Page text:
This anecdote comes again from B:
1967 March/April. I was appearing for my Intermediate examination (13th year) at a college in south Mumbai. Those days it was 11 years in school, 2 years of pre-degree in college and another 2 years in a bachelor’s degree course.
It was the day of Hindi exam. As always I did my namaskars to Lord Ganesha (the deity thought to remove all obstacles) and to my mother before leaving the house. A practice widely followed in my generation.
Most of candidates taking the examination were already employed in paying job,now wanting to earn a university degree to further their career prospects. In preparation for the same they would attend coaching classes in the morning while attending to their jobs during the day.
So here I was in the examination hall staring blankly at the question paper in Hindi. Most of us – I and others in the hall – were migrants from south, poor in Hindi, disinterested as well beyond the need of the situation. There was no choice before us as Hindi was mandated and we had to pass.
The supervisor in the hall knew the predicament. He closed his eyes to the candidates freely copying from whatever sources including text-books. And I was staring at the question paper like I was decoding script from the Indus Valley tablets. Before long the roving eyes of the supervisor settled on a-completely-unengaged me. He moved to station himself near my desk and sent out subtle signals for me to “do what you want”,
It was not difficult at all for me to decide – I wrote what I could and came away. To me, a standing injunction against less-than-honest means from my mother, a-not-so-preachy financially weak and uneducated single parent, was simply non-negotiable come what may.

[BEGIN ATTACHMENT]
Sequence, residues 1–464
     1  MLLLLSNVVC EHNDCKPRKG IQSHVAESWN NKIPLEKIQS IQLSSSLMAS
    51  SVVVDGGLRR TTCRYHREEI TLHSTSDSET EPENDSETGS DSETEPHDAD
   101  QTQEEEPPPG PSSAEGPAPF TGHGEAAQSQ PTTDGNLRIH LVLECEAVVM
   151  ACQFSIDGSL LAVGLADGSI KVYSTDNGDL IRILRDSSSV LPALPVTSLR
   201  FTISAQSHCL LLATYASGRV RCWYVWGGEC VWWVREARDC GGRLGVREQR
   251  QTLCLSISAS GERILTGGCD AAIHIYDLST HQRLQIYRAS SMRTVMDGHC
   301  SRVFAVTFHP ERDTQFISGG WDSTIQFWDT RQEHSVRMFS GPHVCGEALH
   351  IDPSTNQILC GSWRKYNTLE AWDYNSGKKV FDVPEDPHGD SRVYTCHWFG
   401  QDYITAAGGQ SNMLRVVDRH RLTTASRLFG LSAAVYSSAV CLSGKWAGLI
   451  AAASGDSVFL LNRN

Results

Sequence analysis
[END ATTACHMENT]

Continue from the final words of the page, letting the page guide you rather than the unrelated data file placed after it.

When the results were declared I was surprised to note from newspapers that I had passed!
The mark-sheet subsequently issued showed I had scored a bountiful 6 out of 75 marks against a minimum passing requirement of 15. So the newspapers were wrong.It had to be. Though none of it was unexpected I was still devastated.
In sheer disgust I gazed at the mark-sheet hoping for some miracle. And there it was!
There was a special note at the bottom of the nothing-to-speak-of mark-sheet: “Failure in Hindi condoned under section….” Reason: I had passed / scored well on all other papers. The powers that be were taking a kinder view of the matter in their efforts to promote Hindi (as national language).
While we all conduct our lives adopting a certain code of ethics learnt either from elders in the family or in school, we differ in our intensity of compliance.
Oftentimes we cite exigencies:
‘We have to move with time’,
‘We have to be flexible and realistic’,
’Just this once’
…to permit ourselves infractions that are minor to begin with, insidiously building up into major breaches over time. Every shred starts with a tear.
In the above anecdote B steadfastly holds onto his tenet of not resorting to less-than-honest means to achieve an end as simply inviolable and non-negotiable even in the face of adverse fallout’s. From there it was no longer a difficult decision for him to make.
A courage we wish we had more of.
In an earlier post (see https://tskraghu.wordpress.com/2015/06/29/a-wrong-was-righted-and-how/) B was introduced as my neighbor for years. And also the father of the highly successful and talented Vidya Balan of Bollywood.
Source: openclipart (amroud999)